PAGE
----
My travel feature today will focus solely on some of the monuments that we visited while taking a tour through the Gettysburg Battlefield. You can find information on the other attractions by visiting the Pennsylvania sections here on our blog.
On July 2nd, the battle lines were drawn and the battles continued. This is the day that General Lee ordered an attack against both Union flanks which practically destroyed Little Round Top and left the field littered with dead and injured soldiers. Their cries could be heard from miles away.
|7th Michigan Infantry Monument|
July 3rd was just as bloody as the previous day, when General Lee's artillery opened a 2-hour bombardment of the Federal lines on Cemetery Ridge and Cemetery Hill. The loud bangs from the cannons and guns could be heard for miles. This is the day that 12,000 Confederates crossed open fields toward the Federals and attacked them. This particular attack is called Pickett's Charge. Over 5,000 soldiers died within the first hour of the attack and the Battle of Gettysburg was over.
|Commands Honored Memorial|
Above is just a very brief history of what occurred during those three days. I invite you to visit the Gettysburg National Military Park website to learn more, or better yet...plan a visit to Gettysburg to learn about it first hand. This is a great educational attraction for adults and families to enjoy!
|8th Pennsylvania Calvary Monument|
When taking a tour of the Gettysburg Battlefield you can pay a fee and have a guided tour or you can do a self-tour. I highly recommend that you pick up a map at the Gettysburg National Military Park which outlines the route you should take, gives you information on the monuments you'll see, observation towers along the way and so forth.
|Gettysburg Battlefield Observation Tower|
We did a self-tour and started at the recommended point and first arrived at McPherson Ridge. During the summer season, you'll find a second information center located here where you can pick up a tour map, get information and use the public restrooms. During the winter season, it's closed and you'll have to visit the main center at the National Military Parks Museum & Visitor Center located off Baltimore Pike.
|General Meade Monument|
After McPherson Ridge you'll head on over to the Eternal Light Peace Memorial and then onto Oak Ridge which has a really cool observation tower. You can park your car and walk up all of the steps of the observation tower and get some beautiful views of the surrounding area. If you're in physical shape, I highly recommend it.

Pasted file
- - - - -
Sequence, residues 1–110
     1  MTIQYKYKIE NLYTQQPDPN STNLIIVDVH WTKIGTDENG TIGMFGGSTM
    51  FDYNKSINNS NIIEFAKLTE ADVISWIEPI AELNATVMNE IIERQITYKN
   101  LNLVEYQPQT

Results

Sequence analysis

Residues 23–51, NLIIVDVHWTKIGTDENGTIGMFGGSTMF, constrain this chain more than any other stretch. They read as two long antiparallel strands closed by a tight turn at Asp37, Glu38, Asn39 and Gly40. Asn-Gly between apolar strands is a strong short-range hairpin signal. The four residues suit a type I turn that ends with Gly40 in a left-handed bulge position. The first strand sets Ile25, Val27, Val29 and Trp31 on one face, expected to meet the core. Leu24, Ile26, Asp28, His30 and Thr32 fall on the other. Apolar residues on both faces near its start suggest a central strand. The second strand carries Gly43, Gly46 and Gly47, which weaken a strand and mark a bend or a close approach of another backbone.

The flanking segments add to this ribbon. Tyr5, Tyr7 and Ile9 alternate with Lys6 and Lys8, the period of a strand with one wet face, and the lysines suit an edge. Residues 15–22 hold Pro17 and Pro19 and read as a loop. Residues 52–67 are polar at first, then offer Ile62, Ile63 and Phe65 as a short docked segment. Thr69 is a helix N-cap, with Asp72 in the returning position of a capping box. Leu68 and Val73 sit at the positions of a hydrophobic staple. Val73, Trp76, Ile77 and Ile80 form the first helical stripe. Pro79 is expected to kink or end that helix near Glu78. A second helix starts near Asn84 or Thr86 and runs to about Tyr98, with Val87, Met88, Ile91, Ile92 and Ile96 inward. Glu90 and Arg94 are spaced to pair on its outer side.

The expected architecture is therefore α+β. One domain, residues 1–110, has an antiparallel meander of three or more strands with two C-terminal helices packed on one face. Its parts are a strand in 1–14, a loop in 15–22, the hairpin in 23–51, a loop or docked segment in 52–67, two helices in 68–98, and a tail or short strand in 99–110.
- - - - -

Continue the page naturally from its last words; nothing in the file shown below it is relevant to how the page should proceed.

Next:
We then headed to the North Carolina Memorial, then down to the Virginia Memorial and onto Pitzer Woods. If you're looking for a place to park, so that you can get out and do a little walking, you'll find free parking in this area located at the Amphitheater.
|Tammany Regiment Monument|
The next area you want to head to is Warfield Ridge where you'll find a picnic area if you brought along some lunch. There is parking at the ridge and you can get out of your car and walk around if desired.
You'll then head onto South Confederate Avenue and you'll drive through Big Round Top and head towards Little Round Top. There are signs along the entire route to help guide you along your way. After passing through Little Round Top, you'll come to The Wheatfield, the Peach Orchard and Plum Run. These are stops 9, 10 and 11 on the marked route.
|Pennsylvania Memorial Monument|
Spot number 12 is where you'll find the famous Pennsylvania Memorial (shown above). You can park your car and get out to walk around to see a lot of the monuments and memorials that are in this particular area. In addition, if you're in good physical health, you can climb the stairs of the Pennsylvania Monument to the top and get a gorgeous view of the area. We could see Seminary Ridge, Wheatfield Ridge, Little and Big Round Top, Cemetery Ridge and beyond! Well worth the step-climb if you can do it!
|Vermont Infantry Monument|
We parked in this area and got out and did quite a bit of walking. There are a ton of monuments and memorials in this particular section of the park and the best way to see them is to walk! Sure, you can stay on the road and drive, but then you can't read all of the information plaques & signage that goes along with them.
|Gettysburg Battlefield - The Angle|
One of my favorite areas to see was an area they call "The Angle" which sits right beside an area called the "Corpse of Trees". While visiting "The Angle" you'll get a gorgeous view of Seminary Ridge and the Virginia Memorial which sits across the field. The view here was breath-taking and was one of my favorite areas on this side of the Battlefield tour.
After spending an hour or so in that particular area, we then headed on to Soldiers' National Cemetery to finish up our self-guided driving tour. I previously covered Soldier's National Cemetery here on our travel blog and you can visit that particular post if you would like to learn more.
|1st New York Light Artillery Monument|
This was the third time in 30 years that I took a tour through the Gettysburg Battlefield and every time I go...I learn more and more about the Civil War and the Battle of Gettysburg. It's a fantastic learning opportunity and I always feel very humble after seeing it. Thousands of men (and women too) fought and lost their lives to help our nation become what it is today.
Note: Photos are in no particular order. All photographs are clickable! Double-click on each photo to have it automatically open up in a new window & in an enlarged size. We keep our photos mobile reader-friendly. Thanks!